At the Fore-front

Area golf courses are adding improvements and making the Inland Northwest a links paradise

At the Fore-front
An early morning round at Kalispel Golf and Country Club.

As the COEUR D'ALENE RESORT GOLF COURSE (900 S. Floating Green Dr., Coeur d'Alene, Idaho) celebrates its 25th birthday in 2016, there's little question what remains the course's calling card.

"The floating green is definitely what has put us on the map internationally," says Andy Mackimmie, the resort's head golf professional. "It's so unique, a floating and movable green, the only one in the world. Not everybody's heard of Coeur d'Alene, but if you mention the floating green, they'll say, 'Oh, I've heard of that!'"

Golfers who swing by will find several new things to make the "total golf experience" even better.

Every green has been resodded, with "the best grass turf you can have in the Northwest," Mackimmie says. And while players still enjoy the services of a caddy, he says, "we've also added touch-screen GPS screens to all of our golf carts," which players can use for determining yardages or ordering snacks. And for the first time, carts are allowed to leave designated cart paths so golfers can head straight for their ball in the middle of the fairway.

At the former Spokane Country Club, changes are afoot, inspired by the Kalispel Tribe's purchase of the course and renaming it KALISPEL GOLF AND COUNTRY CLUB (2010 W. Waikiki Rd.).

The course originally opened in 1910, but 2016 marks the first year that the public can play without being members. Membership still has its privileges, of course, from preferential tee times to use of the club's training facilities, including new indoor golf simulators, but locals and visitors staying at Northern Quest Resort & Casino can also book a round at the course nestled along the Little Spokane River.

Gary Lindeblad, the course's head pro, praises its old-school look and "one of the best-designed sets of bunkers of any course I've ever played."

While people playing for the first time will be "dazzled" by the scenery and wildlife — not to mention the new 1898 Public House restaurant — even longtime players will notice significant changes to the care of the place.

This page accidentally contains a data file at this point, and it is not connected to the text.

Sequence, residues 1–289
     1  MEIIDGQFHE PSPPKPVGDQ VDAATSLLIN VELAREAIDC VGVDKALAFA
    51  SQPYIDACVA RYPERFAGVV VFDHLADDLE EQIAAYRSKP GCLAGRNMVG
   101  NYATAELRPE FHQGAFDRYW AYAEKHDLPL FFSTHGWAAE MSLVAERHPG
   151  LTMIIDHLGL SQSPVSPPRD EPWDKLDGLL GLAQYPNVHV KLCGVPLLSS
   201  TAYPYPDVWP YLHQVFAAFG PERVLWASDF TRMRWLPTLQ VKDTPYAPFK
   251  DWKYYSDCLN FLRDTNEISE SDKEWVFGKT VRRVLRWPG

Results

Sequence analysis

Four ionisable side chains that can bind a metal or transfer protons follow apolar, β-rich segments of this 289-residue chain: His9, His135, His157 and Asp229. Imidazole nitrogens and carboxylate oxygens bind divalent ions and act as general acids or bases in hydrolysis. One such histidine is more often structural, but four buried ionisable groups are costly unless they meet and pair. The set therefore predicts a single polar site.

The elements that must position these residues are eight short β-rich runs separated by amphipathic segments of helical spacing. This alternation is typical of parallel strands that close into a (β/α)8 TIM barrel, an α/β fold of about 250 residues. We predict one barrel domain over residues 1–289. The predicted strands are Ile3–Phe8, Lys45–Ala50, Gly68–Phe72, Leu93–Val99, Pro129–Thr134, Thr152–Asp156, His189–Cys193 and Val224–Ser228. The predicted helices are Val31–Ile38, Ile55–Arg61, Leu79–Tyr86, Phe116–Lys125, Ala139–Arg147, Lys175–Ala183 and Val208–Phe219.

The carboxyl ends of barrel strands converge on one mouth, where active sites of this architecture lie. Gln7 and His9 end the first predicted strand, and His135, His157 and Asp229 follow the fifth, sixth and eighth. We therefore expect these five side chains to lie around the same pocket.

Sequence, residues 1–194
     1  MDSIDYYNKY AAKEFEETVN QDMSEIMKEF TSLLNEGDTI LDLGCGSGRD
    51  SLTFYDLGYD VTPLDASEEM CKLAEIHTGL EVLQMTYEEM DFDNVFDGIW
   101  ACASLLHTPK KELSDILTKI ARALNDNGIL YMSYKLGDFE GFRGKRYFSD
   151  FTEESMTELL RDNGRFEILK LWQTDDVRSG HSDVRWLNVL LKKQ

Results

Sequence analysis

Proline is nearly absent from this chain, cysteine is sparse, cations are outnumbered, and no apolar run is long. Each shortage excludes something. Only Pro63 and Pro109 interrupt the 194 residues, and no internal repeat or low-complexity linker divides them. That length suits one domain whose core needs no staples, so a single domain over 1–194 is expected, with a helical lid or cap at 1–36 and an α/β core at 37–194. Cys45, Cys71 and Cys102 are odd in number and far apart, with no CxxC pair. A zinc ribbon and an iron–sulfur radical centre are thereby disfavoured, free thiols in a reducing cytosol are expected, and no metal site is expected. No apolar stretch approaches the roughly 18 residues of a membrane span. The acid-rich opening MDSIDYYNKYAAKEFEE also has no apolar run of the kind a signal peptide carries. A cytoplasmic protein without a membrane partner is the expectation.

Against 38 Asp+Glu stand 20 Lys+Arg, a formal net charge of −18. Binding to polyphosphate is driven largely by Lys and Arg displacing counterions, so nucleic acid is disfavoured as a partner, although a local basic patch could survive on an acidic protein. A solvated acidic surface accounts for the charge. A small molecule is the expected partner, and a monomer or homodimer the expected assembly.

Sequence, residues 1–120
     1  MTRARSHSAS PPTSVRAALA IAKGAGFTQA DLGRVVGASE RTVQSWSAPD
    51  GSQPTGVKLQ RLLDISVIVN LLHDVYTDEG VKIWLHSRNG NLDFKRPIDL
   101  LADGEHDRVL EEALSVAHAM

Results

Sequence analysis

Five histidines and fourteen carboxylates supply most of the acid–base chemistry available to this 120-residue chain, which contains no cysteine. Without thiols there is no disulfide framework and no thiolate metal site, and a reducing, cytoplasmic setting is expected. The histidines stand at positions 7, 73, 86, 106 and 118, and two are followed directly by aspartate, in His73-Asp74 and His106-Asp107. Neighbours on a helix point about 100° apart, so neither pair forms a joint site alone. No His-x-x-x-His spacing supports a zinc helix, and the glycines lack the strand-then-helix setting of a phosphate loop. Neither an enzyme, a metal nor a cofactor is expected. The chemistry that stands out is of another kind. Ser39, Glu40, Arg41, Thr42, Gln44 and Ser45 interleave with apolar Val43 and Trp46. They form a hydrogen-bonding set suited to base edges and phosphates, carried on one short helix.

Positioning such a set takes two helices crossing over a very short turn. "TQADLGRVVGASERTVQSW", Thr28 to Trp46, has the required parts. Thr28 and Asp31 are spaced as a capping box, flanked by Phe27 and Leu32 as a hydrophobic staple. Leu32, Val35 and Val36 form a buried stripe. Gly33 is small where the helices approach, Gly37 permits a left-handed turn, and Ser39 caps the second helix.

"They've just about tripled the size of the maintenance crew," Lindeblad says. "There's going to be an incredible 'Wow' factor in just how perfect condition the course is in."

INDIAN CANYON GOLF COURSE (1000 S. Assembly Rd.) has spent the last couple of years bringing what has long been considered a gem of a public course back to vibrant life, and the results are starting to show.

Maintenance crews worked hard, and the city's urban forestry department removed some trees and vegetation that were hurting the turf. Head pro Doug Phares says the results are better air circulation and more sun around the greens. The course also has a new fleet of golf carts for 2016, and they all have USB ports so you can charge your phone or electronic yardage devices. "People play music and you can keep your speakers going," says Phares.

More obvious are changes are in the clubhouse, where new carpet and paint greet visitors, new equipment in the kitchen means new culinary options, and an expanded liquor license means that duffers can enjoy a cocktail on the newly refurbished deck. "It's a really spectacular setting," Phares says. "They put in a new railing system where you can see everything now. It's really made the view even more spectacular."

  • or

About The Author

Dan Nailen

Dan Nailen is the managing editor of the Inlander, where he oversees coverage of arts and culture. He's previously written and edited for The Salt Lake Tribune, Salt Lake City Weekly, Missoula Independent, Salt Lake Magazine, The Oregonian and KUER-FM. He grew up seeing the country in an Air Force family and studied...